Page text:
Blog Forums DIY Speakers and Subwoofers Problem with DINAS and PSUs (crosstalk/noise)

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    • #24128


      I just finished the second speaker of a pair of DINAS, and I have a problem.

      So, if I connect both power supplies to the plates, they both have interference noise. I’m guessing this is some kind of ground loop happening. Even if I do not turn on one of the speakers, just having the PSU connected to the board gives noise to the second.

      My setup is currently this:
      AIYIMA T6PRO tube pre-amp
      2x the recommended DTK 19 V, 4.74 A
      The plate amp I use is not the one from Lepai, but from nobsound. Everything is identical, in terms of looks, so I guess its the same as the lepai, but just a copy, probably even made in the same place. The problem is that the lepai board here in europe costs the equivalent of 110$, while the nobsound is what is priced equivalently to the lepai in the US.

      Do you think that a digital pre-amp would get rid of this problem? Or getting a single power supply for both speakers? (Found a 180W 19 V PSU, I would need to chop the cable and create two pigtails for each DINAS).

      Thanks for the input in advance!

    • #24139

      Just an update to clarify that the noise starts once the T6Pro turns on the audio output. Once the receiver knows there is audio to be played, there is an audible click on the pre-amp and the output starts.

      I guess there is a relais-shutter inside that turns output on and off and it is at that moment that noise starts, so only when there is a complete loop between both speakers.

      Still, my thoughts are that all cathodes get connected together and probably the power supplies work with absolute grounds while the pre-amp works with floating ground. When a single DINAS is connected, everything is fine because wherever the regulation is being made, it all can follow the ground of a single PSU. But when both are connected the regulation cannot follow both absolute sources and things just fluctuate and maybe this is due to a beating between the switching frequencies of the 2 PSUs. This is just all but a supposition, I am not an expert in electronics.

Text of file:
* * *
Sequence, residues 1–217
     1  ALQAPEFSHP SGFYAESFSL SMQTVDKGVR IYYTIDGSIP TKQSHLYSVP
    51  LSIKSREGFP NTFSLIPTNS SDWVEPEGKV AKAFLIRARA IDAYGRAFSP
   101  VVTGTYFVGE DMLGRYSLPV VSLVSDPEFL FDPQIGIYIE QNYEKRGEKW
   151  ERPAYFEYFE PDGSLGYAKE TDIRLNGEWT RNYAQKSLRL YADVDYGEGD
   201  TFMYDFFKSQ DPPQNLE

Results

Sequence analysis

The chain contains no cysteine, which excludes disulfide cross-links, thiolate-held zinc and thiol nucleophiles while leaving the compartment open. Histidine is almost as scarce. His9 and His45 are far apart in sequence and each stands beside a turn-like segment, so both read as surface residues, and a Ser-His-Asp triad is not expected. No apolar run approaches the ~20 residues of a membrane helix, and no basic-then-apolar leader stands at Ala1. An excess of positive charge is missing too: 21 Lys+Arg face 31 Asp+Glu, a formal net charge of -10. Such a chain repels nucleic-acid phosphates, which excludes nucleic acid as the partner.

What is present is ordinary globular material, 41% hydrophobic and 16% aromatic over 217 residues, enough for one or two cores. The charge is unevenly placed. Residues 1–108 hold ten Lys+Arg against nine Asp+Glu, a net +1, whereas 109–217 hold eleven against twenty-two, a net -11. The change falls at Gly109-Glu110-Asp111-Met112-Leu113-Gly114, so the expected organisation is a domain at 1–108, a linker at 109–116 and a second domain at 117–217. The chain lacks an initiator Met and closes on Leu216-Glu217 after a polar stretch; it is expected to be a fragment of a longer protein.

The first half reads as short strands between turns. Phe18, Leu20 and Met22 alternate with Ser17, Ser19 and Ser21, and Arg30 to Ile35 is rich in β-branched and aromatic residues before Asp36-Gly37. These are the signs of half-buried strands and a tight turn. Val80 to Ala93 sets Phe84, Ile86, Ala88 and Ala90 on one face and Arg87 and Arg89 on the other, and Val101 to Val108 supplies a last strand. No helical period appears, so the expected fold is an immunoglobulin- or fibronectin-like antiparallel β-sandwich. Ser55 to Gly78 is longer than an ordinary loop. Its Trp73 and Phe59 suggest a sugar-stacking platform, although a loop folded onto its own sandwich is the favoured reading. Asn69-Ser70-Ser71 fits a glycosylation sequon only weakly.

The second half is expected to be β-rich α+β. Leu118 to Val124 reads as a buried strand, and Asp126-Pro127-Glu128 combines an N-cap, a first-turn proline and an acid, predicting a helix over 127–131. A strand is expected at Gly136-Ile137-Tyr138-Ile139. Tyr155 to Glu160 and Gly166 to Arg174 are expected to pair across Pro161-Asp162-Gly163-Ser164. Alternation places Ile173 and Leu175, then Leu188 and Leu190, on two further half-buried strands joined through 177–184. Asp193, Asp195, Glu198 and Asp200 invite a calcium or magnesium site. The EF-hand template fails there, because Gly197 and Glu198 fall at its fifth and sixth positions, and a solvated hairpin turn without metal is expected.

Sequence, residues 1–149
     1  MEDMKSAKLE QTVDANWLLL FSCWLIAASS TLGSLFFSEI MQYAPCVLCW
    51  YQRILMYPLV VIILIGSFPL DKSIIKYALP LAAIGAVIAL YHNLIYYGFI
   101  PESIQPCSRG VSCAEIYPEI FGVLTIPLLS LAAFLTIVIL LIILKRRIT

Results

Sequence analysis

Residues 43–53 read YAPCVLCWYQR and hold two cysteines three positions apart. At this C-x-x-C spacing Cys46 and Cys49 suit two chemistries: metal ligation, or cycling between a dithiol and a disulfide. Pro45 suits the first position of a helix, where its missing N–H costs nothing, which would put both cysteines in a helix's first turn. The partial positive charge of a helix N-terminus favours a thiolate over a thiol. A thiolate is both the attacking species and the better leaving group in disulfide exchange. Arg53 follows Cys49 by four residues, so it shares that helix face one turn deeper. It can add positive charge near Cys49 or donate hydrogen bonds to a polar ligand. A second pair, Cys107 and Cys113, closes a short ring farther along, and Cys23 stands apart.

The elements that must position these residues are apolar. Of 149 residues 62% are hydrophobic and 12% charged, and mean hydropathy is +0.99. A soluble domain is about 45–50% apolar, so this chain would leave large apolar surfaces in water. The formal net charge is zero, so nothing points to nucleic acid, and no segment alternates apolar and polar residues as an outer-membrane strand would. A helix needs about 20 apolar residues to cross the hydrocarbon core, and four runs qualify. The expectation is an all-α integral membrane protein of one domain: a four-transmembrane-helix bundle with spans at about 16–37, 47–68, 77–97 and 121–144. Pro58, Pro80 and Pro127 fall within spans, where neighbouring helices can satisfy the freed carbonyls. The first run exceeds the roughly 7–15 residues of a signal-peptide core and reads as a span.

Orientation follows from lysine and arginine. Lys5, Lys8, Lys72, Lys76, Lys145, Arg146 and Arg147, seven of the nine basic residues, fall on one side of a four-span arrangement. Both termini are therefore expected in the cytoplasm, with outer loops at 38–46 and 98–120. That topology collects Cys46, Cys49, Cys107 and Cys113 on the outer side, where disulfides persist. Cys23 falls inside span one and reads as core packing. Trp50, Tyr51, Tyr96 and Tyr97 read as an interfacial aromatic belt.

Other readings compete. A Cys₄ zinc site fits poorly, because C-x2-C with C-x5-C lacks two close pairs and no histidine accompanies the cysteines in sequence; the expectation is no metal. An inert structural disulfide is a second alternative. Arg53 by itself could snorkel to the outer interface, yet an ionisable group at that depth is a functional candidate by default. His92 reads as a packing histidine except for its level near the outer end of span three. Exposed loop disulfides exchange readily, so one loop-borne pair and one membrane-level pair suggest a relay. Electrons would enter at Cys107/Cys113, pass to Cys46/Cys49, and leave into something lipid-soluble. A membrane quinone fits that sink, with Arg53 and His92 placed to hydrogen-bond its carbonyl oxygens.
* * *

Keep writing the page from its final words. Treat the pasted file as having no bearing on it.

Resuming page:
I am a bit afraid of connecting both amplifier plates to the same PSU, because maybe then there will be a different kind of cross-talk between the amps as music is being played and they display impedance fluctuations that affect each other. But maybe I am just being paranoid and it would be totally fine. After all in a normal amp, and also in this amp, all channels have a common voltage input source…so maybe I am just being paranoid.

    • #24151

      Sounds like the Aiyima is the problem. If you use a different source (physically swapped out for the Aiyima), does it still do the same thing?

      Also, if you have a recording/video of the noise, from before it starts to when It kicks in and turns off, that might help to narrow it down.

    • #24174

      The problem is that this is my first endeavour into the audio world, I did not own any pre-amp or amp before, so I am very limited in things I can try to debug this.

      I can also try to get a jack to RCA and connect the DINAS directly to my phone or computer. This will also connect all grounds together so its also a good test to see if its the amps that make the problem.